Festive cocktails to get the Christmas party started

Modern Midnight Conversation Punch, Rich Marmalade Sour, Fairytale of Manhattan and Sloe Gin Fizz

Neil Ridley,Joel Harrison
Thursday 04 December 2014 17:41

During the Christmas party season, we find all manner of dubious cocktails – and perhaps the ultimate hell-raiser: the hastily assembled punch, using the remnants of whatever is leftover from the makeshift bar top on the photocopier.

But the much-maligned punch has made something of a miraculous comeback in recent months, just in time for Christmas with studious bartenders exploring age-old festive recipes to reignite our jaded taste buds. In fact there are a few bars, such as the Punch Room at London’s Edition Hotel, which specialise in mixing only boutique punches for their assembled guests.

If you haven’t tried whipping one up in a while, now is most definitely the time. Assuming you have a decent punch bowl, the following recipes will certainly add some festive colours to any Christmas party.

Modern Midnight Conversation Punch

(Serves a fairly merry band of 15-20 party guests)

2½ pints of light, fruity style whisky (Glenmorangie or Cutty Sark blended whisky are ideal)

2 pints chilled green tea

½ pint Moscatel sweet wine

½ pint honey syrup (simply runny honey reduced in consistency with a little warm water)

Zest of 3 lemons, juice of 1 lemon

1 sliced vanilla pod

10-15 dashes bitters (Angostura works perfectly well here)

Bring all the ingredients together in a demijohn or large container and then dispense into a punch bowl full of ice and dilute to taste using tonic or soda water. Garnish with more lemon zests.

For a warming spicy twist, substitute the whisky for dark rum, the honey syrup for a winter berry cordial, add cloves and cinnamon sticks and dilute with boiling water. For a really ‘Dickensian’ effect, stick a poker into the fire and when red hot, plunge it into the punch bowl, which will help caramelise the punch, filling the room with heaven-sent aromas. Just don’t set the curtains on fire.

For those in need of a few classic cocktails with festive twists, look no further than these three absolute stalwarts: the Sour, the Manhattan and the Gin Fizz. Purists my reel away in horror, but all three drinks can be adapted extremely well to accommodate an array of festive flavours.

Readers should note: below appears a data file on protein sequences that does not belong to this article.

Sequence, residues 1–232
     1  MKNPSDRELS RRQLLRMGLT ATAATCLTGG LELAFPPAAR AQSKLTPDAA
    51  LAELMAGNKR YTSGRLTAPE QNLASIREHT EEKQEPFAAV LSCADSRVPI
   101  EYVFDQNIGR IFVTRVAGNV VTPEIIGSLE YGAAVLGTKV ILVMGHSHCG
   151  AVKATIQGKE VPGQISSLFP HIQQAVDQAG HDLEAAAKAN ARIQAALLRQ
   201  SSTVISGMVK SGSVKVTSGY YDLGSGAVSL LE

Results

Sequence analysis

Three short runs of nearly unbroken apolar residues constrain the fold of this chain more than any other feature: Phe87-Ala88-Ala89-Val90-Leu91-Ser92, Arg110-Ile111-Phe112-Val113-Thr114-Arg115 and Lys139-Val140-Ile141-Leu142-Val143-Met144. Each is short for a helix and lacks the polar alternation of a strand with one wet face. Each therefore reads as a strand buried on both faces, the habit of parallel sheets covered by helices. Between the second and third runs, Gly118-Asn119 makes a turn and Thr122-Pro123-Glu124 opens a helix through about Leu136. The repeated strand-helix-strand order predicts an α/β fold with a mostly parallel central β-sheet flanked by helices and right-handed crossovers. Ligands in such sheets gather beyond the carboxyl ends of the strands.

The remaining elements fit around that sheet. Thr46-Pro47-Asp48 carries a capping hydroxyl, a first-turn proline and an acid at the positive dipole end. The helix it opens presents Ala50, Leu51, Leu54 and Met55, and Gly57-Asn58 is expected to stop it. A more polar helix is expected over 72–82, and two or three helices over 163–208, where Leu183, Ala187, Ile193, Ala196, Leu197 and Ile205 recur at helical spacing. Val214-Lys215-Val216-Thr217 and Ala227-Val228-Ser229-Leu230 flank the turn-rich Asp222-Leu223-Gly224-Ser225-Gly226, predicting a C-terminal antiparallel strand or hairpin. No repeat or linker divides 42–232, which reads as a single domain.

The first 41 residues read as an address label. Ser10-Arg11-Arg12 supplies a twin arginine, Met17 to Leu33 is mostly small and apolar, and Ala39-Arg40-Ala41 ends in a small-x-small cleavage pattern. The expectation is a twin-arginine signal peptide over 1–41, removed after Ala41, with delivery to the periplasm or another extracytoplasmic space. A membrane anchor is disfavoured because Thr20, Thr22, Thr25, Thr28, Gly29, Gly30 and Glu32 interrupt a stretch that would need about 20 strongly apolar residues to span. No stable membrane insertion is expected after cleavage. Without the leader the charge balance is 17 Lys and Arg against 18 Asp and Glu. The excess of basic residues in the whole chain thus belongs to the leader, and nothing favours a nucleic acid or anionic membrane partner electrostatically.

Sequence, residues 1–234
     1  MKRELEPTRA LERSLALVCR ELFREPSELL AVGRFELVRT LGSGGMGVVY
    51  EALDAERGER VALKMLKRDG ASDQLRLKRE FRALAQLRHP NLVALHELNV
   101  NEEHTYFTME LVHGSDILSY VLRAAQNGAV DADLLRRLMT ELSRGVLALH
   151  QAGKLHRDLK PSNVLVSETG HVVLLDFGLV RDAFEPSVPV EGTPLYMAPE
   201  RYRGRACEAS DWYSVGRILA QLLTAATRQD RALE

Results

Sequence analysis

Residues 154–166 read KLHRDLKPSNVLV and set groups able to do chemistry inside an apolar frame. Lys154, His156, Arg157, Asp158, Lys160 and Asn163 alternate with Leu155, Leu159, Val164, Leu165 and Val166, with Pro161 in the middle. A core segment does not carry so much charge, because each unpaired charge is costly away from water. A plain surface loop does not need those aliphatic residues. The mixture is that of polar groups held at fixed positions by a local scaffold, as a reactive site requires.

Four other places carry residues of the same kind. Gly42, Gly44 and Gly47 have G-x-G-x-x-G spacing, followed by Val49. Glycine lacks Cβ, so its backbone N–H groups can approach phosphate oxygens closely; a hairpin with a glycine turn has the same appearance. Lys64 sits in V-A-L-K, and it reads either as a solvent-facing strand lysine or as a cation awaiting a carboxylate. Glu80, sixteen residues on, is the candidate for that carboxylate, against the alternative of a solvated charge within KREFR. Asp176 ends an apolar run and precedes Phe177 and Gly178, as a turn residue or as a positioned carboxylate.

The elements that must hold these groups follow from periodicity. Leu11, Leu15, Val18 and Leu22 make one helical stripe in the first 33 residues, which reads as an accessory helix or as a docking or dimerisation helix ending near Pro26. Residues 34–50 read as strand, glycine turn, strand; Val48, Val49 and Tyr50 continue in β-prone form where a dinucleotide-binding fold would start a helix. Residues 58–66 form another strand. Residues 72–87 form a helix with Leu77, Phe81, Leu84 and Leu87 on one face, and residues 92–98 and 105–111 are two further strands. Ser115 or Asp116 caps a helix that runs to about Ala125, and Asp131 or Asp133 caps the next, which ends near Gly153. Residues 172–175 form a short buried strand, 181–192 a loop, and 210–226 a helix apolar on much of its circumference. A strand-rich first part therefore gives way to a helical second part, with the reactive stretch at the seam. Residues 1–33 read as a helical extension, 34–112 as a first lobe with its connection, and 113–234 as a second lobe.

Rich Marmalade Sour

50ml measures of XO Cognac

25ml measure freshly squeezed lemon Juice

12ml measure of dark orange marmalade syrup (home made)

12ml fresh egg white

A few drops of bitters (Elmegirab's Christmas Bitters are ideal)

To make the syrup, add four tablespoons of dark, thick cut marmalade to a pan on a low heat, with two tablespoons of water. When melted, strain and cool before bottling.

Add all the ingredients (except for the bitters) to an ice filled cocktail shaker and shake until light and frothy. Strain over ice into a small tumbler, add the bitters drop by drop onto the frothy top and garnish with a small piece of sliced lemon.

Fairytale of Manhattan

This festive themed Manhattan actually works brilliantly with an aged Japanese whisky, such as Yamazaki 18 year old, (with huge, rich, dark sherry dryness) but you can also get excellent results with spicy, peppery rye whiskey, such as Bulleit Rye.

50ml Bulleit Rye

15ml Cocchi Vermouth Di Torino

10ml Dry Vermouth (Dolin is excellent)

3 Dashes of orange bitters

Add all the ingredients into a mixing glass with ice. Stir for 20-30 seconds and strain into a chilled coupe glass. Garnish with a slice of orange zest and a cocktail cherry. The wonderfully rich spicy notes of the Cocchi vermouth blend seamlessly with the dryer, peppery notes from the rye whiskey.

Sloe Gin Fizz

A simple but wonderfully refreshing way to incorporate that bottle of sloe gin that your parents made for you last Christmas, (currently gathering dust under the stairs) that you forgot all about.

Into an ice filled cocktail shaker add:

50ml sloe gin

15ml freshly squeezed lemon juice

1 teaspoon of icing sugar (you can season this with a pinch of all-spice for an extra festive kick)

Shake well and then strain into a Champagne flute or small wine glass. Top up with soda water to give a frothy, zesty head. For an even more indulgent version substitute the soda for Prosecco.

Neil and Joel are authors of Distilled, a new book, which explores the world of distilled spirits from Absinthe to Whisky and everything in between. Out now on Mitchell Beazley

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